Informants and the Fourth Amendment: A Reconsideration

Tracey Maclin
This Article argues that the Court’s current interpretation of the Fourth Amendment, which sanctions the government’s authority to insert secret spies and informants into our lives, is misguided. Part I highlights the historical background of the Fourth Amendment to show why its procedural safeguards are relevant when considering whether the government should be free of constitutional restraint when deploying informants and spies in our homes and offices. Part II will…

Panacea or Corporate Tool?: Debunking the Supreme Court’s Preference for Binding Arbitration

Jean R. Sternlight
This Article does not advocate reviving the old hostility toward binding arbitration. Rather, the Court should once again apply the Federal Arbitration Act as it was intended to be applied: to accept binding arbitration where it is fair and has been accepted by the parties, and to reject binding arbitration where it has been foisted unfairly upon a weaker party. If the Court fails to change its course, Congress should…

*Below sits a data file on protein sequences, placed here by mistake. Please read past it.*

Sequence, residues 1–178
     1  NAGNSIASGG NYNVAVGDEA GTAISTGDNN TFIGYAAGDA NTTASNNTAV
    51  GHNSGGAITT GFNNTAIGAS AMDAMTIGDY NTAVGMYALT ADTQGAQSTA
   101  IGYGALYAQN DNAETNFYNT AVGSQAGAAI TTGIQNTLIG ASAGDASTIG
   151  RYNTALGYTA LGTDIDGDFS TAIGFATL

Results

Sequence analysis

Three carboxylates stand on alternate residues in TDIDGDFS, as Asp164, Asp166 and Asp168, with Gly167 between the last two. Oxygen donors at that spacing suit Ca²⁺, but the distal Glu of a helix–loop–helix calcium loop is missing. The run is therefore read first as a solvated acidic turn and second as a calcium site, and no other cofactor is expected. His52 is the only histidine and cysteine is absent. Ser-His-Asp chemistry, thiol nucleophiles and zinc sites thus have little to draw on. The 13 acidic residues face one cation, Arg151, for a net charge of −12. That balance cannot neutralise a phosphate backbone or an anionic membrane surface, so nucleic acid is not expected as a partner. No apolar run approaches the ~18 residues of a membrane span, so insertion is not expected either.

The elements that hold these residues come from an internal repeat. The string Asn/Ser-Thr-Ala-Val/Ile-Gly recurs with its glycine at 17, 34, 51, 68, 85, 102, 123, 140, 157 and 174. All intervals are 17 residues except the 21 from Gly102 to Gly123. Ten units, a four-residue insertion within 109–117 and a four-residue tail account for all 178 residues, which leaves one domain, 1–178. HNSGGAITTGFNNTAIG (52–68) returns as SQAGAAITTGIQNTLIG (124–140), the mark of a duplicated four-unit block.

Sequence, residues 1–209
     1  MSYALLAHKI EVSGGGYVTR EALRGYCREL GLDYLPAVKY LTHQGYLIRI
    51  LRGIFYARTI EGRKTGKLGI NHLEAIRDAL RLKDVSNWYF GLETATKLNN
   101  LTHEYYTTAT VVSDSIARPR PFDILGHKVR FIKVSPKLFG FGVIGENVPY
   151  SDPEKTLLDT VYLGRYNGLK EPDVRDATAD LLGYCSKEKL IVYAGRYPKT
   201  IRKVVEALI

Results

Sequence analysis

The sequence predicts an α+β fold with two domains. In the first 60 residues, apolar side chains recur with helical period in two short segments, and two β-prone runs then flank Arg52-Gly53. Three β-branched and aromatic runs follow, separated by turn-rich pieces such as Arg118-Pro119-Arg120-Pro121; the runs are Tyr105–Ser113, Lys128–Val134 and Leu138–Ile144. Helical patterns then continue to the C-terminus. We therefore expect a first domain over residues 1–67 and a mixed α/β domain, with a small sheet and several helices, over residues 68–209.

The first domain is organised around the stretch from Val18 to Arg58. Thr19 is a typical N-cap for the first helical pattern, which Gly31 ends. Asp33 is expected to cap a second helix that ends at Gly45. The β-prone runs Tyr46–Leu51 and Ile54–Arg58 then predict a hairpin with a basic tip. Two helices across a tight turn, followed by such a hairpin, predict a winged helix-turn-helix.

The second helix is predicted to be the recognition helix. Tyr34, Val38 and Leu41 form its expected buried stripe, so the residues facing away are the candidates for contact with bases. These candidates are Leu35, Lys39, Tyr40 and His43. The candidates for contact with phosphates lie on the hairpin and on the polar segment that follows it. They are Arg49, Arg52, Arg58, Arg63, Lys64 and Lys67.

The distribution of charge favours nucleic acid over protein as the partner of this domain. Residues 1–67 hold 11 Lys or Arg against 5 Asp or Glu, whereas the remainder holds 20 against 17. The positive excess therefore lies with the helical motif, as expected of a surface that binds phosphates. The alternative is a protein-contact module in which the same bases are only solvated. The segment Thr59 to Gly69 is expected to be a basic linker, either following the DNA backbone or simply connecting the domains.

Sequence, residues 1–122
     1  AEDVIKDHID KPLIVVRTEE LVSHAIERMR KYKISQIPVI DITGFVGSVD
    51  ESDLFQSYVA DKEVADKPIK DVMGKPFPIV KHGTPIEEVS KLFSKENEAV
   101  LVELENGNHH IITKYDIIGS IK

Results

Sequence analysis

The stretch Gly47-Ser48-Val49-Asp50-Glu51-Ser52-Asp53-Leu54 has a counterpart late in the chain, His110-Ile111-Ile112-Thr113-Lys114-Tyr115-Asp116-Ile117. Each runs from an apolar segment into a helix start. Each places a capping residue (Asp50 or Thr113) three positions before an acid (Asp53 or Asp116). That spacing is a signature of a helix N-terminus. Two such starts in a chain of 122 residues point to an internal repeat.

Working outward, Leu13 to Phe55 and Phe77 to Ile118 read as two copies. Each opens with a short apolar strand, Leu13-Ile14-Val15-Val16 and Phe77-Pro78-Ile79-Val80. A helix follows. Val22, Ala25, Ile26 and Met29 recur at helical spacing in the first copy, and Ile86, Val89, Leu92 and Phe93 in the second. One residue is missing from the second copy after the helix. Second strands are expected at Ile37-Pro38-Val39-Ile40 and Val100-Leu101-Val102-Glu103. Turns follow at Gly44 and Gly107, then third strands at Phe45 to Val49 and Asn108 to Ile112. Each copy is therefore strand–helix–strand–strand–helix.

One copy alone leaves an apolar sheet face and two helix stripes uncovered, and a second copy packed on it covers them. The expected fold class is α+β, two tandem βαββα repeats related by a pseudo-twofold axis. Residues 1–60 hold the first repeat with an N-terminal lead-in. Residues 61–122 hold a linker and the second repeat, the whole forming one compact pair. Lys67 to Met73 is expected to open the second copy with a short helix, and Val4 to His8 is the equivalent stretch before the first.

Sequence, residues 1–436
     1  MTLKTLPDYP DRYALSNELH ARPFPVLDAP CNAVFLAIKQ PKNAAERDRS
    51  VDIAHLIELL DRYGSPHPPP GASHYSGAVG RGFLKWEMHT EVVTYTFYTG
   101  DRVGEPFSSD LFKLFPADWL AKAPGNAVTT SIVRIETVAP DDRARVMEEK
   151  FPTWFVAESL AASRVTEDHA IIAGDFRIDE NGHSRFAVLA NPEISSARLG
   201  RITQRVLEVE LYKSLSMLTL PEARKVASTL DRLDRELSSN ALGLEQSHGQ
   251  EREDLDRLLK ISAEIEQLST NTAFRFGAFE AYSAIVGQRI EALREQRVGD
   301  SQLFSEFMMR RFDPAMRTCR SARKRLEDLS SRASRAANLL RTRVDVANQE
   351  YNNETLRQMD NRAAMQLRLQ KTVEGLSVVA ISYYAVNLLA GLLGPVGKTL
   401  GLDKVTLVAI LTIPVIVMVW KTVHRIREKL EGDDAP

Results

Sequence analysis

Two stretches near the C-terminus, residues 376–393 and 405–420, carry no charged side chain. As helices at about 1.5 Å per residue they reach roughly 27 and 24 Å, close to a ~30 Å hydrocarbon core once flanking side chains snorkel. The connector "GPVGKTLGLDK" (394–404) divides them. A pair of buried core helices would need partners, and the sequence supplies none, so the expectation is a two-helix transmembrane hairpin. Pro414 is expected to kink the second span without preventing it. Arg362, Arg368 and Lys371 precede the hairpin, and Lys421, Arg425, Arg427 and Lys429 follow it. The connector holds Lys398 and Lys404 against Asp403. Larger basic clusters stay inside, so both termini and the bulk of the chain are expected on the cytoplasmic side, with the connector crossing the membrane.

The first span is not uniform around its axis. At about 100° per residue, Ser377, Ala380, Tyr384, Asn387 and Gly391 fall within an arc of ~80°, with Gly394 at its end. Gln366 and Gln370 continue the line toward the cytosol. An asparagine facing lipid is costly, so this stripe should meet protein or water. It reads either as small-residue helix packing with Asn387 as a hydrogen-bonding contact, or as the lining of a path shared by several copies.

If You Think You No Longer Need to Know Anything About the Rule Against Perpetuities, Then Read This!

David M. Becker
Lawyers have dreaded the common-law rule against perpetuities for many generations, and for good reason. It is difficult to teach and to comprehend; consequently, most lawyers have never mastered it. Additionally, the rule is quirky, difficult to justify, and unfair. In recent years perpetuities law has undergone substantial legislative reform. The majority of these efforts has taken the form of “wait-and-see” conversions of the common-law rule. And the most significant…

A Profit for the Taking: Sale of Condemned Property After Abandonment of the Proposed Public Use

Kevin L. Cooney